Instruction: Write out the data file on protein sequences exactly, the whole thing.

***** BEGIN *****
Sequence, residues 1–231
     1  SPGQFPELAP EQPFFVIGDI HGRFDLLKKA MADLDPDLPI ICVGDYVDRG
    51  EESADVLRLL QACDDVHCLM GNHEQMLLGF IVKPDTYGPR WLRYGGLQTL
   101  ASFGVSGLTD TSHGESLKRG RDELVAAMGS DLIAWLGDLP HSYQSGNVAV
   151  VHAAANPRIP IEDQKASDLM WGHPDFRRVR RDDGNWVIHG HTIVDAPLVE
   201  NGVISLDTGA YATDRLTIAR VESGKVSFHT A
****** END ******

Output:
Sequence, residues 1–231
     1  SPGQFPELAP EQPFFVIGDI HGRFDLLKKA MADLDPDLPI ICVGDYVDRG
    51  EESADVLRLL QACDDVHCLM GNHEQMLLGF IVKPDTYGPR WLRYGGLQTL
   101  ASFGVSGLTD TSHGESLKRG RDELVAAMGS DLIAWLGDLP HSYQSGNVAV
   151  VHAAANPRIP IEDQKASDLM WGHPDFRRVR RDDGNWVIHG HTIVDAPLVE
   201  NGVISLDTGA YATDRLTIAR VESGKVSFHT A